Last year, the HBO Max streaming service announced the impending resurrection of the 1980s TV series Head of the Class. In anticipation, it added the original series to its lineup several weeks ago.
That run of shows from 1986 to 1991 was an anomaly in classroom sitcoms, a series that placed a portion of its weekly focus on the unorthodox, yet effective, history lessons taught by Charlie Moore (played by WKRP in Cincinnati alumnus Howard Hesseman) for the benefit of his Individualized Honors Program students and the viewer. If the Sweathogs of Welcome Back, Kotter reveled in their stance against academics, the students of Head of the Class welcomed and embraced the lessons contained in both books and life.
Within the first half-dozen episodes, before Moore’s substitute-teacher status is promoted to full-time, the class is treated to a variety of historical topics, each cleverly imparted. A lesson about what triggered World War I examines the assassination of Archduke Franz Ferdinand of Austria on June 28, 1914 in what was, by 1986, Yugoslavia. Moore contends that bad driving precipitated the Great War and he’s pretty accurate. While in Serbia, Ferdinand and his wife were killed by a gun-toting assailant after a first attempt had failed. The royal couple’s driver was unaware the route had been changed after the initial attempt and simply resumed the original course, leading to the fatal second attack.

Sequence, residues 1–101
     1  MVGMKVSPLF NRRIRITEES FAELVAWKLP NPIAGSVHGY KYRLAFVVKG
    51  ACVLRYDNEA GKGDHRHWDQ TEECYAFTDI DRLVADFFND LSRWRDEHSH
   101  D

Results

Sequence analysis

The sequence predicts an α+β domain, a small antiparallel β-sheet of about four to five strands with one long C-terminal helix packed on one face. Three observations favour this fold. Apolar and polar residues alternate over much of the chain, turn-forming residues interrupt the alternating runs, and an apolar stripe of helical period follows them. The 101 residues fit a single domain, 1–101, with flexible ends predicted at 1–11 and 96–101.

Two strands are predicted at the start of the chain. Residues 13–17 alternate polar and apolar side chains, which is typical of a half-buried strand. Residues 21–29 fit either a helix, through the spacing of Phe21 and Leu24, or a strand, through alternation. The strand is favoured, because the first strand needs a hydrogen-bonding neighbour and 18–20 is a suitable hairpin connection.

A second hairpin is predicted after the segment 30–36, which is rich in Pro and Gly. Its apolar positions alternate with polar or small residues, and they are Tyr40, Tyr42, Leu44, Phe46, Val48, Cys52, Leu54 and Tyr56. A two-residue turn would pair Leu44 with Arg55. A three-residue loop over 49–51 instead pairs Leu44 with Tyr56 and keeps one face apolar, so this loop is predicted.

In another episode, Colossus, the British code-breaking computer that helped England win World War II, is discussed. Moore argues that British Prime Minister Winston Churchill was the key factor while his class contends Colossus was the crucial component. A lesson in man vs. machine ensues, and each side reaps the rewards as Moore comes to accept what computers can offer and each student achieves a clearer perception of his/her identity when writing a bio for the yearbook.
Even a lesson using tulips can serve as a means of comprehending the 1929 U.S. stock market crash. “Tulipmania,” as it’s now called, was an economic crisis that occurred in the 17th century during the Dutch Golden Age when the price of tulip bulbs dramatically escalated with the flower’s popularity only to drastically collapse in February 1637.
Only a lesson about the Cuban Missile Crisis and Fidel Castro’s failed baseball tryout before Washington Senators scouts is more legend than fact, but Castro’s love of baseball is apparently true. And even history’s relationship with truth is considered in another episode when Moore notes that whoever relates an historical account becomes a factor in determining its truth.
From today’s perspective, the series can also be viewed as a sort of museum piece, not only in the dress and hairstyles unique to the time but in how many references are made to things that have since transformed or ceased to exist in the aftermath of the show’s five-year run.
In one episode, a student imagines his future, including a career as a writer for the Village Voice, the New York City newspaper that closed its doors in 2017.
In another moment, Moore amusingly calls World War I the “one in black and white,” a defining characteristic that is no longer accurate since director Peter Jackson colorized much of the footage for his 2018 documentary They Shall Not Grow Old. And the Yugoslavia Moore mentions in his lecture on Ferdinand’s assassination was broken up into six independent countries in 1992, shortly after Head of the Class ended its run.
Even computers, a limited number of which were being introduced to schools and classrooms during the decade the series premiered, have stretched beyond the imagination of the 1980s. But, as Moore reminds his class in one episode, history needs to be viewed in context. It’s important, he says, that the historical be “seen from there, not here.”